Ebola: 2127 infected, at least 1145 dead

HEALTH WARNING: person in a protective suit works at an Ebola isolation ward at a mission hospital outside of Monrovia, Liberia.
HEALTH WARNING: person in a protective suit works at an Ebola isolation ward at a mission hospital outside of Monrovia, Liberia.

The Ebola outbreak that has killed more than 1000 people in West Africa could last another six months, Doctors Without Borders says, and an aid worker acknowledged the true death toll is unknown.

Meanwhile, new figures released by the World Health Organization showed that Liberia has recorded more deaths - 413 - than any of the other affected countries.

Tarnue Karbbar, who works for the aid group Plan International in northern Liberia, said response teams simply aren't able to document all the cases erupting. Many of the sick are still being hidden at home by their relatives, too fearful of going to an Ebola treatment centre.

Others are buried before the teams can get to the area, he said. In the last several days, some 75 cases have emerged in a single district.

"Our challenge now is to quarantine the area to successfully break the transmission," he said, referring to the Voinjama area.

Part of the fear stems from the fact that there is no cure or licensed treatment for Ebola, and patients often die gruesome deaths with external bleeding from their mouths, eyes or ears. A handful of people, however, have received an experimental drug, whose effectiveness is unknown.

Liberia's assistant health minister, Tolbert Nyenswah, said that three people in Liberia were receiving the ZMapp on Friday (local time). Previously, only two Americans and a Spaniard had received it. The Americans were improving, but it is not known what role ZMapp played. The Spaniard died.

The World Health Organization has approved the use of such untested drugs but their supply is extremely limited. The doses of ZMapp currently being used in Liberia are reportedly the last in the world.

The UN health agency has said the focus should be on practicing good hygiene, and quickly identifying the sick and isolating them. That task is made harder, however, by the shortage of space in treatment facilities.

Beds in such centres were filling up faster than they could be provided, evidence that the outbreak in West Africa was far more severe than the numbers showed, said Gregory Hartl, a spokesman for World Health Organization in Geneva.

There were 40 beds at a treatment centre that Doctors Without Borders - also known by its French acronym MSF - recently took over in one quarantined county in Liberia. But 137 people have flocked there, packing the hallways until they could be sorted into those who were infected and those were not, said Joanne Liu, MSF's international president.

Nyenswah described a similar situation in a treatment centre in Liberia's capital of Monrovia: In one ward meant to accommodate between 20 and 25 people, 80 were now crowded in. Another treatment centre with 120 beds was expected to open on Saturday just outside Monrovia.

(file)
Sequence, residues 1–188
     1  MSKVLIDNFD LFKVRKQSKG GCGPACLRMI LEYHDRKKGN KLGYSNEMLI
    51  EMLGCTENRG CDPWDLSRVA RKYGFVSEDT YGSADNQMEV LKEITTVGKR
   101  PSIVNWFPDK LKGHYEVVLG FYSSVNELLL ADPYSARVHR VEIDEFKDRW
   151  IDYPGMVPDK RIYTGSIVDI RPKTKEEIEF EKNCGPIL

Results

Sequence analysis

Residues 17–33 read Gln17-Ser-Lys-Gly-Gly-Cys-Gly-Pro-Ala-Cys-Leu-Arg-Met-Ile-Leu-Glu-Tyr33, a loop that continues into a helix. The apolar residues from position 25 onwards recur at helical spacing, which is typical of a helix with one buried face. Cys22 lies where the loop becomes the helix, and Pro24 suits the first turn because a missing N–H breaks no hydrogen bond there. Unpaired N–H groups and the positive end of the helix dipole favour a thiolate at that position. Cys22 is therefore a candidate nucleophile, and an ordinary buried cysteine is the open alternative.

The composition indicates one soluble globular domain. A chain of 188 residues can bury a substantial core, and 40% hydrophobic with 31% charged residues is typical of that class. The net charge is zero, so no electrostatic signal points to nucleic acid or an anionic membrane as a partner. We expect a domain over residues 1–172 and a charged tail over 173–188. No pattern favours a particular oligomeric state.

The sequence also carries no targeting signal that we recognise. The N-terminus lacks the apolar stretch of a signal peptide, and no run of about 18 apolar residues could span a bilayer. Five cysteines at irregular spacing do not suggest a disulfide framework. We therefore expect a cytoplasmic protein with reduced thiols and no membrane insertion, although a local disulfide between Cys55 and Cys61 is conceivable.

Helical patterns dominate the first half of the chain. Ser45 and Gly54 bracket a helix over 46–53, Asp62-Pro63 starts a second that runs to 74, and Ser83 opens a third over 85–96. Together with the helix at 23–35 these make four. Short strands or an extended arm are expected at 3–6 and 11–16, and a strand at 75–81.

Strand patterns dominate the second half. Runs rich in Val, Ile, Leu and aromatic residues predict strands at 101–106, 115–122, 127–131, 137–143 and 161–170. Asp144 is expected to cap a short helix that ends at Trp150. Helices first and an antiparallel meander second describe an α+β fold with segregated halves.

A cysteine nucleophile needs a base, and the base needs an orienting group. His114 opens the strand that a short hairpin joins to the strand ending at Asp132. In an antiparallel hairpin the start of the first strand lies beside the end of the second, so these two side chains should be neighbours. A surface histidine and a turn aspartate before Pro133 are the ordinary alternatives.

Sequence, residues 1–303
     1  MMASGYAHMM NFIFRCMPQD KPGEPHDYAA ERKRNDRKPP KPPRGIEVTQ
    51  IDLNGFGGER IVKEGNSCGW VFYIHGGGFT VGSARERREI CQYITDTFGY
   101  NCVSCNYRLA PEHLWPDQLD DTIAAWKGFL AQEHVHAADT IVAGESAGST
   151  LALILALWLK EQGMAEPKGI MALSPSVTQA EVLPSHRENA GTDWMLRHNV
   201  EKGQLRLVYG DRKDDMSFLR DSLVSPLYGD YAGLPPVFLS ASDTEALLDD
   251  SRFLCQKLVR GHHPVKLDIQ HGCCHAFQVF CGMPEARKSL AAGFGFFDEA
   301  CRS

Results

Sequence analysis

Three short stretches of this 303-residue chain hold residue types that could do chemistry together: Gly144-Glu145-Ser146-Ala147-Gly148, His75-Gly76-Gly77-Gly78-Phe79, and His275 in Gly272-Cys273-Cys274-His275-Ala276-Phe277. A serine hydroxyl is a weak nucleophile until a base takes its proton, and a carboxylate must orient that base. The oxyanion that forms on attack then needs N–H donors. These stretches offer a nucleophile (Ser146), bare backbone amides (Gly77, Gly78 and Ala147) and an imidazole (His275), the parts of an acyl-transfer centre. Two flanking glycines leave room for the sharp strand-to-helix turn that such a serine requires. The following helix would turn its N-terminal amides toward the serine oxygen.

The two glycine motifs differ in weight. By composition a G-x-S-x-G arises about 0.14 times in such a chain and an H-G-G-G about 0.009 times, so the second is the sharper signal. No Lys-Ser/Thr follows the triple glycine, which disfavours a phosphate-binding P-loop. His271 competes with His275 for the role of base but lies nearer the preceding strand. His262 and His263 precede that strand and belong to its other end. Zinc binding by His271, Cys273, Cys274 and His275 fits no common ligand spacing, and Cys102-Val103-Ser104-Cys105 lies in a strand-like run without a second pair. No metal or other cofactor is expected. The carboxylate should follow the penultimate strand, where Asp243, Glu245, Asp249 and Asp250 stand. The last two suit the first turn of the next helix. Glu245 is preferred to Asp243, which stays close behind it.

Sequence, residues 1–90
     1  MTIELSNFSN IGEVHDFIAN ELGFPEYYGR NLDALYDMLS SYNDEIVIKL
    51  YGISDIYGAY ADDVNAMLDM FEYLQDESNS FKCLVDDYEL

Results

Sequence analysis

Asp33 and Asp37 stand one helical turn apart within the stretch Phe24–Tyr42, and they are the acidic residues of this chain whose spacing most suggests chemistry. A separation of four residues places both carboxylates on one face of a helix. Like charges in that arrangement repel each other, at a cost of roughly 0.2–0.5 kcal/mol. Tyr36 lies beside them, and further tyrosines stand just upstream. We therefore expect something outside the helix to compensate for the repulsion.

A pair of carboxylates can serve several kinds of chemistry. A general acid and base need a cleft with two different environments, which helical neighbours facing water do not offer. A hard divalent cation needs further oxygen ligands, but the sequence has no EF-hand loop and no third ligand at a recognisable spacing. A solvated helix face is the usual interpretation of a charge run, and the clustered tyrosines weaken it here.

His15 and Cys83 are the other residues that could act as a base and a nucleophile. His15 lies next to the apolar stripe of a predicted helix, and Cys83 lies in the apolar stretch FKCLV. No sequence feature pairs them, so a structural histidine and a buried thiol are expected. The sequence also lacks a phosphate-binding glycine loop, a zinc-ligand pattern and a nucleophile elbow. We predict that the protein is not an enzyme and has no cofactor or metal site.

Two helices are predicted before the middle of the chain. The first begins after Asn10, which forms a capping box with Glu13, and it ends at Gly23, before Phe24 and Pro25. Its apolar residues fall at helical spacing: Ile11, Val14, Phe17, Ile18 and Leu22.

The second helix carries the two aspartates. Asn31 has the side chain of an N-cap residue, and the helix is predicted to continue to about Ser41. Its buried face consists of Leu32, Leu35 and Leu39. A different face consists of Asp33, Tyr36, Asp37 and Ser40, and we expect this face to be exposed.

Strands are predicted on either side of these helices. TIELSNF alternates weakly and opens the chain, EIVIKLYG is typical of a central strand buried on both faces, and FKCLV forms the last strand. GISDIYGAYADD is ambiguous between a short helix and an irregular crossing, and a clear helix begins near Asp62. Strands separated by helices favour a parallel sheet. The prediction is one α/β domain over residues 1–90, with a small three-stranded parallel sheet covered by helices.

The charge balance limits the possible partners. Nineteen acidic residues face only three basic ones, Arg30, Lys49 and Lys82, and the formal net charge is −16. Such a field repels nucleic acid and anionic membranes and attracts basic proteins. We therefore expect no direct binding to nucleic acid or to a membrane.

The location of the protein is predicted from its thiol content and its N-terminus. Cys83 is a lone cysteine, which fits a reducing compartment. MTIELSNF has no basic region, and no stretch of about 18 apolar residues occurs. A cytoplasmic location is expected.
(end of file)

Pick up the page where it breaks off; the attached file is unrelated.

"It's absolutely dangerous," said Liu, who recently returned from Guinea, Liberia and Sierra Leone. "With the massive influx of patients that we had over the last few days, we're not able to keep zones of patients anymore. Everybody is mixed."

Liu likened the situation to a state of war because the "frontline" was always moving and unpredictable. She said the outbreak could last six more months.

The death toll was now 1145 people in four countries across West Africa, according to figures released Friday by the World Health Organization. At least 2127 cases have been reported in Liberia, Sierra Leone, Guinea and Nigeria, WHO said.

Sierra Leone's president, Ernest Bai Koroma, told journalists on Friday that the country had lost two doctors and 32 nurses to Ebola.

"We need specialised clinicians and expertise and that is why we are appealing to the international community for an enhanced response to our fight against the Ebola disease," he said.

The Ebola crisis was also disrupting food supplies and transportation. Some 1 million people in isolated areas may need food assistance in the coming months, according to the UN World Food Programme, which was preparing a regional emergency operation to bring food by convoy to the needy.

Amid a growing number of airline cancellations, the UN would start flights for humanitarian workers on Saturday to ensure aid operations aren't interrupted. In the coming weeks, they would also ferry staff to remote areas by helicopter.

Ebola causes a high fever, bleeding and vomiting. It has no cure and no licensed treatment and has been fatal in at least 50 per cent of the cases, health experts say.